A tropical storm gathering strength in the Caribbean forced the U.S. military on Wednesday to postpone the latest hearings for the five detainees charged in the Sept. 11, 2001, attacks, as officials evacuated staff members and others from Guantanamo Bay.
Tropical Storm Isaac is forecast to make landfall Saturday morning near the U.S. naval base on the southeastern tip of Cuba, according to the National Weather Service. It is expected to become a hurricane by Thursday.
On Wednesday, a military spokesman at the Guantanamo detention center said most of the detainees are housed in concrete structures that can withstand the effects of hurricane-force winds; those who are not will be transferred to secure structures. Officials said they are also preparing to evacuate nonessential personnel, representatives of human rights groups and reporters from the island.
Residents of the base, meanwhile, were told to expect destructive winds and were advised to secure loose objects in their yards that could “become projectiles.”
The last major storm to threaten Naval Station Guantanamo Bay was Tropical Storm Tomas in November 2010. It passed just east of Cuba but brought heavy rain and 60 mph winds, causing substantial flooding in the region.
Across the Caribbean, Tropical Storm Isaac has forced evacuations and the closures of schools and government offices. It has also threatened to upend plans for the Republican National Convention in Tampa, which begins Monday, with some weather models suggesting a hurricane path that could run through Florida early next week.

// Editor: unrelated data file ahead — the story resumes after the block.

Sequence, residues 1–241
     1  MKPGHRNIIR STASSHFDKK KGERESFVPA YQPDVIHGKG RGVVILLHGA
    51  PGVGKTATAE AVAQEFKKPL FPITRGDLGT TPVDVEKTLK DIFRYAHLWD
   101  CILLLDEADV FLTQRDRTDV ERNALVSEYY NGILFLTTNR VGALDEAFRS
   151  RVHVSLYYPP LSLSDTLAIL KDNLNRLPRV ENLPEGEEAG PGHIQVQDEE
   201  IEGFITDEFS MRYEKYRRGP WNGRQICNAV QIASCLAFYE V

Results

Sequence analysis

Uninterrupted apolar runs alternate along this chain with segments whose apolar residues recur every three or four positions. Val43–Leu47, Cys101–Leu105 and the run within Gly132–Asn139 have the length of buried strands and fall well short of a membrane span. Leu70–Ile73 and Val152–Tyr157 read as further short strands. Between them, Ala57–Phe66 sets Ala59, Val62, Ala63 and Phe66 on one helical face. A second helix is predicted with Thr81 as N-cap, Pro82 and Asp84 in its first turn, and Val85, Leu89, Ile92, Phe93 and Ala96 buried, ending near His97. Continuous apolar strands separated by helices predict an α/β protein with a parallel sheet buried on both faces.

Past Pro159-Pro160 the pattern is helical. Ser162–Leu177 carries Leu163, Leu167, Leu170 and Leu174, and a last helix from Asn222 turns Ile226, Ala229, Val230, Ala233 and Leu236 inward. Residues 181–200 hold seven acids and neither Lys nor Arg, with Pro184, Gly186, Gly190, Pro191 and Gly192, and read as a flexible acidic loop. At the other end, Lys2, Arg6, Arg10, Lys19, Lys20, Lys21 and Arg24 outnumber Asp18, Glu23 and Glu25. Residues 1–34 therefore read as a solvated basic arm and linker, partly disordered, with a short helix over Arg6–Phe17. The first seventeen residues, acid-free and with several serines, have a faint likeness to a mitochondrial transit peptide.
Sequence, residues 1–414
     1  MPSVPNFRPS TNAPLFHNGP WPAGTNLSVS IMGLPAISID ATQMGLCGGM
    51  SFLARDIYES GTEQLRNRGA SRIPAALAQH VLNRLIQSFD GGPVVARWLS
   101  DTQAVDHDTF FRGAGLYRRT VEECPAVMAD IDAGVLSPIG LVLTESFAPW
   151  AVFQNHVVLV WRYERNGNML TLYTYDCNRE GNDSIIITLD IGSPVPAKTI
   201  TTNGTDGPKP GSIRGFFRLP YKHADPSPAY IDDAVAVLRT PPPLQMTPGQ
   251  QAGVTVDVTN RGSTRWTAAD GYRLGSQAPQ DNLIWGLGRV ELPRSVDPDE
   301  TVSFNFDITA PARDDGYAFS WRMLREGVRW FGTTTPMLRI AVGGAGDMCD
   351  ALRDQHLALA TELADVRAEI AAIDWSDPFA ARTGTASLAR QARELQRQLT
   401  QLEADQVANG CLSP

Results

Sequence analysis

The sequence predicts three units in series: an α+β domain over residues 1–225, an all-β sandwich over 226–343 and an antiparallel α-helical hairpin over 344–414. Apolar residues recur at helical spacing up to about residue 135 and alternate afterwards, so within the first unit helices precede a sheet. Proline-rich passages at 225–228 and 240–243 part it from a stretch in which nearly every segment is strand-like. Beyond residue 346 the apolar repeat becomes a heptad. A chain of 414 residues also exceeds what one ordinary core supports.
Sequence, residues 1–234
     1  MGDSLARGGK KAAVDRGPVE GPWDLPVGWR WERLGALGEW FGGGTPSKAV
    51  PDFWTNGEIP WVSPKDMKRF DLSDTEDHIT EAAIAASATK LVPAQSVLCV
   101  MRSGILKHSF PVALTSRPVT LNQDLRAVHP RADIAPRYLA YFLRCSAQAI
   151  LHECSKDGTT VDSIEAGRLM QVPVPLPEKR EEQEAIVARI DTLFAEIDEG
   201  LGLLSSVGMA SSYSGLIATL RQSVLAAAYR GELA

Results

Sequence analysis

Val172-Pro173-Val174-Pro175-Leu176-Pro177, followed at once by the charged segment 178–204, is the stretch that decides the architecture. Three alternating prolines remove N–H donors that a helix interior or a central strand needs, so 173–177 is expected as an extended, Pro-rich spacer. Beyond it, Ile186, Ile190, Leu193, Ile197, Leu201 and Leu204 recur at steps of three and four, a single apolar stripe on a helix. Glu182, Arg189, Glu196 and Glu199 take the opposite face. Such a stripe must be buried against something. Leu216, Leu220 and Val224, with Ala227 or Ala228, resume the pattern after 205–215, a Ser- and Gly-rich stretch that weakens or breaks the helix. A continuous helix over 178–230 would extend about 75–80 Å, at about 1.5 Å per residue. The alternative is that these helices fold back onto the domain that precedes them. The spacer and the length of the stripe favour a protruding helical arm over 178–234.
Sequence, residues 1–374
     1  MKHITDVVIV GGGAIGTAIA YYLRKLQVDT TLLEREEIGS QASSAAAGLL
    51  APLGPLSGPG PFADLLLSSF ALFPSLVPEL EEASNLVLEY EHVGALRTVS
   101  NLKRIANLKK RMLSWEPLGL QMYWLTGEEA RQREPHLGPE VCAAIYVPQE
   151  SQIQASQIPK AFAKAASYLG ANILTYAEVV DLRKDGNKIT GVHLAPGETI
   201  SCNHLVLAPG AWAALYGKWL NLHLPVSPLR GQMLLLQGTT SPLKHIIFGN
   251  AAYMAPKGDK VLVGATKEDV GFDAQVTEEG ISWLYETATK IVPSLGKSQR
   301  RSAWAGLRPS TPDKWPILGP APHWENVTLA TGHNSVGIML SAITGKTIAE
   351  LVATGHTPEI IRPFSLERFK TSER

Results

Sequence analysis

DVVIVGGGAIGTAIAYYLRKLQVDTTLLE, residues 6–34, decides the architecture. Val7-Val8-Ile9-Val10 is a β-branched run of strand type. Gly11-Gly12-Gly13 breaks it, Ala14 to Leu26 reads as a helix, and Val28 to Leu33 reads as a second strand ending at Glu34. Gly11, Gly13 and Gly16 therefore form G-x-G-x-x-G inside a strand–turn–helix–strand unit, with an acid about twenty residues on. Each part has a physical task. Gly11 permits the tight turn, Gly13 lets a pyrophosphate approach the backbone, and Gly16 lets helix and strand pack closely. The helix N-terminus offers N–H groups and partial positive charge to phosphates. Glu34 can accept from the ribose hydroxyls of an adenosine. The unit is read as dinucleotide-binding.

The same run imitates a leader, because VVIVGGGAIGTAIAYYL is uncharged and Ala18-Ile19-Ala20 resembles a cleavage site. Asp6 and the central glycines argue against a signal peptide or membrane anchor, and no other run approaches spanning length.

The hearings in the Sept. 11 case had already been postponed by one day, after a deadly train derailment in Maryland interrupted the government’s computer network on the island. No new date for the hearings has been set.
The judge in the proceedings, Army Col. James Pohl, was expected to hear a series of motions in the case against Khalid Sheik Mohammed, the self-described mastermind of the 2001 attacks, and his four alleged co-conspirators.
One of the motions was filed jointly by the American Civil Liberties Union and 14 media organizations, questioning the rules of classification concerning what detainees tell their lawyers and what they, in turn, can argue in the public domain.
The five men are charged with murder in violation of the law of war, hijacking and terrorism, among other charges.
The defendants last appeared in court in May. They refused to speak during those proceedings, instead sitting silently while the 87-page charge sheet, including the names of all 2,976 victims of the Sept. 11 attacks, was read.